- The Prosecution Support Services Division incorporates the Victims Liaison Unit which is responsible for ensuring that the Office meets its obligations in relation to the support and protection of victims of crime as set out under the Criminal Justice (Victims of Crime) Act 2017; the International Unit which deals with areas of international criminal law, including extradition, European Arrest Warrants and requests for mutual legal assistance; and the Prosecution Policy and Research Unit which conducts legal research, provides support for the development of legal policy, and engages with external stakeholders on policy matters. The Policy and Research Unit also co-ordinates knowledge management and includes the Library service which provides information and know-how services for both legal and administrative staff.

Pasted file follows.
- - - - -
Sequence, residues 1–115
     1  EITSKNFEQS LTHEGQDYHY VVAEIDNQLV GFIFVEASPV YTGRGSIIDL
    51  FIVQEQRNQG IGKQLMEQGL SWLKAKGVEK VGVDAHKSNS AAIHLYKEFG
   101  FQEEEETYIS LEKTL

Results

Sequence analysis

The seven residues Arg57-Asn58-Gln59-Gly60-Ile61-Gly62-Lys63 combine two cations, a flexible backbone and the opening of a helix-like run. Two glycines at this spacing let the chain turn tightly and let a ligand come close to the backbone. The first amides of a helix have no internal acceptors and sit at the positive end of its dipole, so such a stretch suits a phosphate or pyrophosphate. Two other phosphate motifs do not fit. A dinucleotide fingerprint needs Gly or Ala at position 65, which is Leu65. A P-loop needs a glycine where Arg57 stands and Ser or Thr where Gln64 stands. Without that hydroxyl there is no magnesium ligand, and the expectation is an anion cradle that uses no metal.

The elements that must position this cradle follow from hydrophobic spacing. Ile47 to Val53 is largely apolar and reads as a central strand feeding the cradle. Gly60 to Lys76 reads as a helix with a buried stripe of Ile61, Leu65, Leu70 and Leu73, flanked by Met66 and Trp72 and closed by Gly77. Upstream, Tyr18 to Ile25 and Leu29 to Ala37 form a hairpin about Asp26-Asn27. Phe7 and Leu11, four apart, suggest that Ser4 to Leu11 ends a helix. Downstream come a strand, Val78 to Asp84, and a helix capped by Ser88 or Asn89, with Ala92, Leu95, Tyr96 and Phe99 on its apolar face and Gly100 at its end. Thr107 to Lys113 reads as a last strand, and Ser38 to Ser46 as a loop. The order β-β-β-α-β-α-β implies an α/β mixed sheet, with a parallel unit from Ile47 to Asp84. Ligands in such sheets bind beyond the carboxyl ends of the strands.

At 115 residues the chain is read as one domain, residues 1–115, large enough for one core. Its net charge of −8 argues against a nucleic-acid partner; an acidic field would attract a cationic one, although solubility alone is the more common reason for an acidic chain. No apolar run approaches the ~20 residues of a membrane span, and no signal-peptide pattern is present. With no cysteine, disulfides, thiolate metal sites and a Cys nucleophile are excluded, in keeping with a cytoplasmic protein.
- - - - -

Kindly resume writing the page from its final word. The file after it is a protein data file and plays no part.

- The Corporate Services Division consists of general civil service grades and provides human resources, IT and other support services to the three legal divisions.
What do we do?
The DPP decides whether to charge people with criminal offences, and what the charges should be. Once charges are brought the Office of the DPP is in charge of the prosecution case.
The Chief Prosecution Solicitor acts as solicitor to the DPP and is head of the Solicitors Division in the DPP’s Office. The staff of the Solicitors Division represent the Director in all courts in Dublin. Local state solicitors represent the DPP in courts outside of Dublin.
What we do NOT do
The DPP’s Office does NOT:
- investigate crimes – crimes are investigated by the Garda Síochána.
- give legal advice to members of the public – those seeking such advice should consult their own legal advisor.
What you can expect from us
Independence is a core value of the Office. The DPP is independent when carrying out her job. The Government or the Garda Síochána cannot make the DPP prosecute any particular case nor can they stop her doing so.